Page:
Sunday, July 02, 2006

The Story of Our Lives


I don't know.

I would hold out my hands to you, cupped, spilling golden nectar through my fingers, begging you to drink. I would. If you were here now I'd grab you by the hand and take you out to the junction of Highway 46 and Highway 101, to a low bridge over a creek where thousands upon thousands of starlings nest and near dusk I'd push you into the tall weeds by the creek and have you close your eyes as they burst out into the darkening sky to feast on gnats and mosquitos and the thrill in your blood would show in the pulse at the side of your neck and in the color that rushed to your face and in your breathing and in your voice as you cried out into the murmur of those unfolding wings and the cutting of the cooling air and you would know something then about the way of love, of the weight of your own bones on the crust on the earth.

I am a bitter ruin. I am a cornered, dying man. I'll go downstream like a cherry blossom. I'll give what I've got to you.

Once again, the world has got me utterly undone.


Don't mistake this overblown, narcissictic rambling for anything approaching meaning. I know what the limits are. I'm not trying to push them. I just get overwhelmed at times.

This beauty.

This terror.

One and the same.


One and the same.


If there has been a happier man than me I'd like to meet him. I guess Whitman would beat me there, no question, really. And by happy I mean what exactly. Who's to say. The laundry list of those I've disappointed would spill out from here to Schenectedy. However you spell it. But in my heart beats a stone furnace. Throwing off heat and sparks. Warming the void with its small and ephemeral love.

When I get this silly I am a little bit ashamed.


There's a seriousness that can be overstated. I'd like to think that Hemmingway and Jack Gilbert didn't (or don't, in Gilbert's case) take themselves as seriously as they seem to have done. One of the difficulties of manhood, of being a male man, is in answering that question for yourself in an acceptable manner. I think the best men know that they may need to put everything on the line for what may appear to be a trivial matter, and that they may need to walk away from what seems to be the most important thing of all, and that those two positions are not in conflict but instead are manifestations of the same imperative.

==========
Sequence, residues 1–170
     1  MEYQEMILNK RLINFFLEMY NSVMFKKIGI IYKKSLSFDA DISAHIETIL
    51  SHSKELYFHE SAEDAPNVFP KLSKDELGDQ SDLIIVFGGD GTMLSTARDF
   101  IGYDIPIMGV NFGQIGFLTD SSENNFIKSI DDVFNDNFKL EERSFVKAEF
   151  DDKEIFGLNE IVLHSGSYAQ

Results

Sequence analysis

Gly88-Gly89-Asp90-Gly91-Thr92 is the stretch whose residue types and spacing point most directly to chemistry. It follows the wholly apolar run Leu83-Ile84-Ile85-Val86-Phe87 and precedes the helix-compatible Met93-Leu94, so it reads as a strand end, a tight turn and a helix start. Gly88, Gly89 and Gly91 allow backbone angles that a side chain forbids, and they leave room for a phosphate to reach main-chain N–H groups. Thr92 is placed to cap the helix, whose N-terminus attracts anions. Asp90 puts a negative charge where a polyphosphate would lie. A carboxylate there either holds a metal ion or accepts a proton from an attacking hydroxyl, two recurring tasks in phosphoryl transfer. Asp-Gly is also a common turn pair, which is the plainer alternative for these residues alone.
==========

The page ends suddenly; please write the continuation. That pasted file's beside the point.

I'll leave that to you to name.


What's easiest is that you must let love act through you. No matter the cost. Okay, not easiest. But, perhaps, most clear.

That and rushing into the void with arms and eyes and mouth wide open.

Undone with love for this world.


Okay, to all my friends:

I have missed you very badly. I have also loved you badly I fear. Now that the sun has gone down and the stars are blazing above our heads, I would like very much to join you all by the fire and lean against you and listen to the stories of where you have been.

It would be a balm to my soul.



Anonymous Anonymous said...

oh scott, scott, welcome home. somebody get this man a beer, one of those from down at the bottom of the cooler.

laying it on the line for what appear to be little things, yet walking away from some of the larger ones. i have experienced this so damn close it took my breath away and left me shivering. and i'm so relieved i'm not the only one who went there, or felt that stupid, or wanted to do it all over again.

love, jim

3:55 PM  
Blogger LKD said...

Your immaculate kitchen poem is quite wonderful.

Your wife's haircut is beautiful. As beautiful as that glorious garden.

Whenever I need a respite from work, I go to those photos. I look in the birdhouse holes. I stare at the Buddha's hands. And I feel okay again.

Good to see you back here in this space, sir.

I'll write a poem for you, for your return. (writing it already in my head and this comment....)

4:29 PM  
Anonymous Anonymous said...

great new pic, btw. van gogh had his crows in a cornfield; you've got yours swept up in a hurricane. might not say a lot about crows, but looks like scott's bible to me.

6:27 AM  
Anonymous Anonymous said...

make that a PAGE from scott's bible.

6:29 AM  
Blogger Dee Temple said...

this is a bobbing balloon in the distant waters~your words. Such tender Authenticity about your human experience. it offers me someone to lOOk to. to say to myself; "See ? this exists." ( i loved the beg. the BEST)

KNOW that you have shown me an angle of maleness that I needed to see / hear rite NOW.

In Rage + In Calm, Delia

11:41 AM  
Blogger Lisa Cohen said...

I have been to a place where fireflies rise from our longing and our imagination. Where my ten year old son slips his still-child hand in mine when he sees something beautiful. A shaft of sunlight, a sleeping cat, a penny, tails side up. I have been to the place where my older son answers me in a man's voice, but still laughs with unselfconscious delight when we hear the approaching parallax of the ice cream truck's song. When the dog greets me by the door, tennis ball in her mouth and a hopeful tail helicoptering. Where my husband lifts my hair and cools my neck with kisses.

There is nowhere I would rather be.

4:33 PM  

Post a Comment

<< Home